This Week in Miami Real Estate: Condo lawsuits, sea level rise and more

by Andrew Morrell

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The condo association representing residents of The Regalia in Sunny Isles Beach is suing the tower’s developer, general contractor and “more than a dozen other companies,” The Real Deal Miami reported. The suit filed recently in Miami-Dade Circuit Court alleges numerous design and construction flaws in the 47-story luxury condo tower, including defective glass panels and improperly installed guardrails, among several other issues. The plaintiffs are seeking $750,000 in damages for what they called negligent building practices that did not meet official codes. The Real Deal was unable to reach any of the defendants for comment on the matter. The Regalia was completed in 2014 and is completely sold out except for two high-end units, including a penthouse currently listed for just under $30 million.

In other local real estate news:

  • During a panel discussion as part of the Florida Properties Summit earlier this month, Related Group CEO Jorge Pérez said sea level rise caused by global climate change was among the top threats the industry faces. Pérez, who leads one of the nation’s biggest development firms, was joined in agreement on the point by panel members including Republican state Rep. Holly Raschein and other prominent Miami-area executives, the Miami Herald reported. “Sea level rise is something that is going to hit us all,” Pérez said during the discussion. “I think that it requires a huge political will and a huge private [sector] will.”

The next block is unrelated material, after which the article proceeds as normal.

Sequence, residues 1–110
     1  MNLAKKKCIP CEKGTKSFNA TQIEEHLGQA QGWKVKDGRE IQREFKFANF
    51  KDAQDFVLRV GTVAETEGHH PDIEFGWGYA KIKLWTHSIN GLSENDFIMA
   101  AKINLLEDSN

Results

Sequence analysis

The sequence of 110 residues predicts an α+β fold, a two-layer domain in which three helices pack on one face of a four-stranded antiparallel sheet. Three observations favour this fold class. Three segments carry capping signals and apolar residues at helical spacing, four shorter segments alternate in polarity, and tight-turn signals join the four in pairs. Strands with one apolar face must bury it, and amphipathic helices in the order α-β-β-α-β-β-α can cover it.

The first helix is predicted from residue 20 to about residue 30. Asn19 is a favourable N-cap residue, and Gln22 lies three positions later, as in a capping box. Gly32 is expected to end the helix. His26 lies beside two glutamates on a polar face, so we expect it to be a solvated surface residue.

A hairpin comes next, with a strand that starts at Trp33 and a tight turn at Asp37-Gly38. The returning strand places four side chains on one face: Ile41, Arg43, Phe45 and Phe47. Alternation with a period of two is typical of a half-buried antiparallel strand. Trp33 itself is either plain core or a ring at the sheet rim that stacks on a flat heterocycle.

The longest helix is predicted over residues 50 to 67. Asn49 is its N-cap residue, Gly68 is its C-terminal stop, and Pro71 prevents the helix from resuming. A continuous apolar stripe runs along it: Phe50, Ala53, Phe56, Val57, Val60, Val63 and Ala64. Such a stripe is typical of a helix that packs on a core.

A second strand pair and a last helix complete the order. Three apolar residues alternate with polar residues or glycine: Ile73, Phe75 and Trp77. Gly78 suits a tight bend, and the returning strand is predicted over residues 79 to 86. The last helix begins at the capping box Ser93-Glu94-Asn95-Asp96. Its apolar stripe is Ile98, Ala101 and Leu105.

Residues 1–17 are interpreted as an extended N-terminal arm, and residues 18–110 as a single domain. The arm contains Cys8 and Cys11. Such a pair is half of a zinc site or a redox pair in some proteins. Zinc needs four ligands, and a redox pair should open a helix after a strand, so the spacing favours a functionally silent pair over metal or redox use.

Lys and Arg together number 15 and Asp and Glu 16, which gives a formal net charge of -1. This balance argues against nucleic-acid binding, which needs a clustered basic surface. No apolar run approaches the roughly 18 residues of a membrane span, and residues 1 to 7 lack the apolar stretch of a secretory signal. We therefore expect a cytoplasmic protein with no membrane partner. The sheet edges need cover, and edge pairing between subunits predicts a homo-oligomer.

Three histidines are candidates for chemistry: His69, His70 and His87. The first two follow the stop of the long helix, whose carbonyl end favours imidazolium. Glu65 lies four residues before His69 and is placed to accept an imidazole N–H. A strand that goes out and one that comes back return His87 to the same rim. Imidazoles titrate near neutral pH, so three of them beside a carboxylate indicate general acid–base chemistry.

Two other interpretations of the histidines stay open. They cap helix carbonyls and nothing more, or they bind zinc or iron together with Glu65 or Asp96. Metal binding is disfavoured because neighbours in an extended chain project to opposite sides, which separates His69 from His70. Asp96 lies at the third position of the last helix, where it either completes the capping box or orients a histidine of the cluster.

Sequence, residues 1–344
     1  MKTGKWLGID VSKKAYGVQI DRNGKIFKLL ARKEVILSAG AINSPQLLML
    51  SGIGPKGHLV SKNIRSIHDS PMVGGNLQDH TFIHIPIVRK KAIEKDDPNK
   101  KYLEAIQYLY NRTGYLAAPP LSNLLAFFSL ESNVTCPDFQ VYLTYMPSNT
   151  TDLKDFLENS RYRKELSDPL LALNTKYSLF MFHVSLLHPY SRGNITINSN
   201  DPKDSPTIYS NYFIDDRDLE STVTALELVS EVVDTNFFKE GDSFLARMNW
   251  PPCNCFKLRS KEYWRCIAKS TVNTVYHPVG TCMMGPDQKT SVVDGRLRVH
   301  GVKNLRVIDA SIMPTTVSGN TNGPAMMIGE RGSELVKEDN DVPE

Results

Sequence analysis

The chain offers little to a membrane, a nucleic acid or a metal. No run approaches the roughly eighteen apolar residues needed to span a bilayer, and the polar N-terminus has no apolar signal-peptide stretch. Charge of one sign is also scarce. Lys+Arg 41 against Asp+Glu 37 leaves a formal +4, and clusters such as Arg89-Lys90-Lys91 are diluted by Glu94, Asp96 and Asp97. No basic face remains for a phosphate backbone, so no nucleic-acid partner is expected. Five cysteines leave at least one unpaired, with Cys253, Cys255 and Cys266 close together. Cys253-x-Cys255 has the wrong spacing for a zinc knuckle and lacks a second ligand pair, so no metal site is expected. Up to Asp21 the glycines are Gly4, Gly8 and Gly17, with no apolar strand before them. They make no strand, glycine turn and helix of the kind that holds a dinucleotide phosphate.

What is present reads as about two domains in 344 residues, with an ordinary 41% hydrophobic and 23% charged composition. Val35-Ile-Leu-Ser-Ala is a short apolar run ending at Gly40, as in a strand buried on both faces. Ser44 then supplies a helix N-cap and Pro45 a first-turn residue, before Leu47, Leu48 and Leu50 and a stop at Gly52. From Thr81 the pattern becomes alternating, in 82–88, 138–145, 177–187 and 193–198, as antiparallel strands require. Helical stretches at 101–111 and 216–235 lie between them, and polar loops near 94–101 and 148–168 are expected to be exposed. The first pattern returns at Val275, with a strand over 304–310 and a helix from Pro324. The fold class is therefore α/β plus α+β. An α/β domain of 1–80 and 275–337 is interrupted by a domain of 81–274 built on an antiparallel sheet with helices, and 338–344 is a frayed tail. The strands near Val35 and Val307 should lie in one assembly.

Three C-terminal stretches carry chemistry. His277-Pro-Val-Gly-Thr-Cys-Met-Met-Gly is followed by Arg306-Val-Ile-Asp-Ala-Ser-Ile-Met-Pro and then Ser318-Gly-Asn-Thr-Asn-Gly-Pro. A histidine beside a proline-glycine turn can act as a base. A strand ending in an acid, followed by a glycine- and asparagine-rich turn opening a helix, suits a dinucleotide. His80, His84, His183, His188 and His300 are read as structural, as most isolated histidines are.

• Lennar announced Nov. 16 that it had opened the welcome center of its newest master-planned community in South Florida. In a press release from Lennar, the company called the Parkland Bay community in western Broward County a “premier resort-style” gated neighborhood replete with 552 homes, each of them outfitted with Amazon’s smart home system. Those homes are available at prices ranging from $500,000 to $1.1 million.
  • Developers of The Aston Martin Residences on the waterfront in downtown Miami secured a $200 million construction loan about one year after breaking ground. According to the South Florida Business Journal, the cash infusion will provide a boost to the project that until this point has been self-funded and is now on track for a 2022 delivery. Financing was provided by the Coto family, Argentinian nationals who gained the majority of their wealth from their supermarket chain in that country.
  • Luxury real estate agent Kristi Bachan will curate and present a mixed-media art installation at Art Basel Dec. 4-6 in Miami. Entitled “SEN5ES,” the installation will be the result of a “massive collaboration of artists, designers, fabricators, chefs and organizers, we aim to promote sustainability,” according to a press release on the event. Bachan has been in real estate for five years and is currently affiliated with Inhabit Luxury Real Estate and Travel.
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